Psychoanalytic readings of narrative fiction advance the idea that the novel's most important feature is its depiction of human subjectivity. The psychoanalysts who have most influenced literary studies believe that reading, whether clinical or literary, reveals the unconscious dimension of the human mind in particular. Scholars of the novel who employ psychoanalytic theory, accordingly, presuppose that the principal function of the novel is to describe the unconscious. Psychoanalytic study of the novel can be said to have originated in 1907 by none other than the founder of psychoanalysis himself, Sigmund Freud (1856—1939), but psychoanalytic theory did not become established as a preferred method for analyzing novels until the mid-1970s, following the introduction of French psychoanalyst Jacques Lacan's (1901—81) theories into literary studies. In what follows, I will explain why Lacan had such a tremendous influence on novel theory. Lacan is known for his revision of the Freudian conception of the unconscious, and this change in psychoanalytic theory turns out to have overlapped, historically and theoretically, with narratologist Roland Barthes's (1915—80) influential revision of the idea of the author. In the 1970s Lacanian theory was taken up by literary scholars interested in Barthes, and in combination, psychoanalytic theory and narratology created a significant conceptual approach to understanding the novel as a genre (see NOVEL THEORY, 20th C.). Two of the three psychoanalytic readings Dorothy Hale identifies as crucial to the development of novel theory—by literature scholars Peter Brooks (“Turning the Screw of Interpretation”) and Shoshana Felman (“Freud's Masterplot: Questions of Narrative”)—were published in Felman's 1977 collection, Literature and Psychoanalysis. Of these early psychoanalytic readings influenced by Lacan, I will focus on Brooks's to demonstrate the particular version of psychoanalytic theory that would qualify it as a movement in novel theory.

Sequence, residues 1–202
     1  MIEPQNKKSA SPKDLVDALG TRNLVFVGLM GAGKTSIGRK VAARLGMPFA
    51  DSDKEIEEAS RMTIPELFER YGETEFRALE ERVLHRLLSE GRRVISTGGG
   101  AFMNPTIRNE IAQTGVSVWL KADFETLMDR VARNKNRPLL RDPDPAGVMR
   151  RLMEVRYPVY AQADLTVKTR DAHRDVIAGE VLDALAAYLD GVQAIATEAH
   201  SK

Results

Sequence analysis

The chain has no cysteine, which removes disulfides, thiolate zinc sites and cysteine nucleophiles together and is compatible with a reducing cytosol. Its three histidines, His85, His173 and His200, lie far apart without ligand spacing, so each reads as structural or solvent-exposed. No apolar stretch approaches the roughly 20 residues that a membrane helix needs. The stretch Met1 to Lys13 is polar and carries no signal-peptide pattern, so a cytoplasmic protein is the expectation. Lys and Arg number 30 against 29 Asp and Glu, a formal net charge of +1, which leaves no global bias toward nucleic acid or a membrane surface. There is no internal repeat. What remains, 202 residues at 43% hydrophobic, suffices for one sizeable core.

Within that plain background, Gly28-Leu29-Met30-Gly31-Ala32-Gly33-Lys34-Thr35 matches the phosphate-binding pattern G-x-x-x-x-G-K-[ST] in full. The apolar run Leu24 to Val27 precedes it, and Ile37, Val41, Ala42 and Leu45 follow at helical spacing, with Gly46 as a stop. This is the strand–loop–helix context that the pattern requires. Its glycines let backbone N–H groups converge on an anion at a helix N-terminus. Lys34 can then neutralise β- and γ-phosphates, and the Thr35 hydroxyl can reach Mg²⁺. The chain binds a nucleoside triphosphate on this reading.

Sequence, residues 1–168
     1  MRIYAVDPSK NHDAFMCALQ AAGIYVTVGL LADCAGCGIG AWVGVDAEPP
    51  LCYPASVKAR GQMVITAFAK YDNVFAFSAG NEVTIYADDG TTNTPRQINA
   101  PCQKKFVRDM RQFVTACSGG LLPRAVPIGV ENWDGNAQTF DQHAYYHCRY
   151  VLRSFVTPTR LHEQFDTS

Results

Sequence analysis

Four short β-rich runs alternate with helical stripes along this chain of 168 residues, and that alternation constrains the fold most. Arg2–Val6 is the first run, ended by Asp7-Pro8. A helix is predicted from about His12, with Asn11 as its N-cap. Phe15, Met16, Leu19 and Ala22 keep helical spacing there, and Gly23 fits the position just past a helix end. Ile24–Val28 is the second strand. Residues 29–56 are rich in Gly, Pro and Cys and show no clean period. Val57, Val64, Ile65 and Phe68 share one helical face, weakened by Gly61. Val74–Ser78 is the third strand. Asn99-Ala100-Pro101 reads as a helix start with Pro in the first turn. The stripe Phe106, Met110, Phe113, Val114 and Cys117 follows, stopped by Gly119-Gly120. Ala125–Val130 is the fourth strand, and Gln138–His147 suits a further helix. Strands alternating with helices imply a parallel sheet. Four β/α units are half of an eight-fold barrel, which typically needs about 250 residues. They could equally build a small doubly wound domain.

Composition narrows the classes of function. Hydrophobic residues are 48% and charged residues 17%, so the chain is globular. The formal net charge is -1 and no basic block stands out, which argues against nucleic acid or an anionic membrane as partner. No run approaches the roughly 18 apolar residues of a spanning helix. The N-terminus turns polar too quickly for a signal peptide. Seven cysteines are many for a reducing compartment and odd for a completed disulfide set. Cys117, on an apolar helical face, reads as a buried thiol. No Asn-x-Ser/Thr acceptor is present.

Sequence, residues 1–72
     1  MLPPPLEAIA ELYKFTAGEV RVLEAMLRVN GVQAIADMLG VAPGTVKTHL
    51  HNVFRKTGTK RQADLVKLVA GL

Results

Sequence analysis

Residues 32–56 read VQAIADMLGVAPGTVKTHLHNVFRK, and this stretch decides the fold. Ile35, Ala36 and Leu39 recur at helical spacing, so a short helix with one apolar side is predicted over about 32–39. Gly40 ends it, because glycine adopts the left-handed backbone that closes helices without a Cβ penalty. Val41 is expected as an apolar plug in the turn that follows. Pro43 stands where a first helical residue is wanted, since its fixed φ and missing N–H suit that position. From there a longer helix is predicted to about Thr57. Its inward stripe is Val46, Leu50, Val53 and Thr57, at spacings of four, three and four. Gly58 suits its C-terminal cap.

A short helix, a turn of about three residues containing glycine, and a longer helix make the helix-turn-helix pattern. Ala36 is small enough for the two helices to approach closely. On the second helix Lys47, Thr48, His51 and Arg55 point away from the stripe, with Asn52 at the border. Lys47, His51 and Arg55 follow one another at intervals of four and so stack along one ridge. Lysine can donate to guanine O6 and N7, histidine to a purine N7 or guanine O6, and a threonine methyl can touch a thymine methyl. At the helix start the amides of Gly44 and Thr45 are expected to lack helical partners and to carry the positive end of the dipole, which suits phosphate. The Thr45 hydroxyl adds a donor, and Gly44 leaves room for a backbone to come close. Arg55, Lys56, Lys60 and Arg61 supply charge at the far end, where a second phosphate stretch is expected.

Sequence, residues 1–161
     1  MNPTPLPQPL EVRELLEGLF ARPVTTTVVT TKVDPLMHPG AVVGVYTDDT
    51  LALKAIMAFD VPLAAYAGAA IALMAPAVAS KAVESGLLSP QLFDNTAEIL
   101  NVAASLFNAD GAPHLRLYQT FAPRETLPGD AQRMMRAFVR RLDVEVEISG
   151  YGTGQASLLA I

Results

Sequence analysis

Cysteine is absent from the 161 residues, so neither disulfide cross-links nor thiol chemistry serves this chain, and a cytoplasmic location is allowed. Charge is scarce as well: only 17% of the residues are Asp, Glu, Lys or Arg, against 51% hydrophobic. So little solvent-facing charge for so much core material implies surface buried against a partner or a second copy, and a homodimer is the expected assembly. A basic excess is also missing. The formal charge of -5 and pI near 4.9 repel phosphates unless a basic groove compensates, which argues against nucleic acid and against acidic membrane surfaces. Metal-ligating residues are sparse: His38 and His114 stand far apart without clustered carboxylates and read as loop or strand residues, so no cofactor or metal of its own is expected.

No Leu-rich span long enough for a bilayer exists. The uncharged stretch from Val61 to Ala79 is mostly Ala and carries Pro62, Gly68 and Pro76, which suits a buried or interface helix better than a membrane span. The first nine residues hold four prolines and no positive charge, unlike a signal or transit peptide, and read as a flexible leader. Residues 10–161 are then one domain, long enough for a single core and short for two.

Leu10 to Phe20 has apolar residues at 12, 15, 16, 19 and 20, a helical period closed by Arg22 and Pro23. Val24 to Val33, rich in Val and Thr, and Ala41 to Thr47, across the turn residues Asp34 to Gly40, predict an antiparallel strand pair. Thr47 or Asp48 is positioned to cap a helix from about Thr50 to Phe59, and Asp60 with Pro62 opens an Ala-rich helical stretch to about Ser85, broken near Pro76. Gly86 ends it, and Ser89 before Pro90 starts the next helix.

In their elaboration of theories about the human mind over the course of the twentieth century, Freud and Lacan were above all concerned with the clinical redress of neurosis, but each saw the analysis of novels as relevant to this project because both saw the novel as a privileged site for the analysis of the human mind. Freud wrote two studies of novels, “Delusions and Dreams in Jensen's Gradiva” (1907) and “Dostoevsky and Parricide” (1928); and although between 1975 and 1976 Lacan gave a yearlong seminar on James Joyce's novels—published posthumously as Le Sinthome (2005, The Symptom)—he published just one novel analysis during his life, the 1965 “Homage to Marguerite Duras, on Le Ravissement de Lol V. Stein.” In each of these readings, we can find versions of the famous declaration by Freud in his reading of Dostoyevsky's Brat'ya Karamazovy (1880, The Brothers Karamazov): “Before the problem of the creative artist, the analysis must, alas, lay down its arms” (“Dostoevsky and Parricide,” 177). Lacan referred to his analysis as “superfluous” to Duras's novel (1998a, 141), and in relation to his reading of Joyce noted his “embarrassment where art—an element in which Freud did not bathe without mishap—is concerned” (1978, ix). Reading novels seems to have clarified for both analysts that the novel's purpose was to describe the human mind, and in each case, the analyst saw himself as striving to achieve with theory what the novelist achieves with writing. These disavowals themselves may seem superfluous, until we consider them from the point of view of novel theory. Freud and Lacan study the human mind, but their statements of insufficiency where novel writers are concerned also implicitly theorize the novel: if novelists are the superior analysts, then novels reveal what psychoanalysis reveals. Although Freud and Lacan understood their readings of novels to be advancing their ideas about human subjectivity, they were, as importantly, contributing to the definition of the novel as principally concerned with those ideas.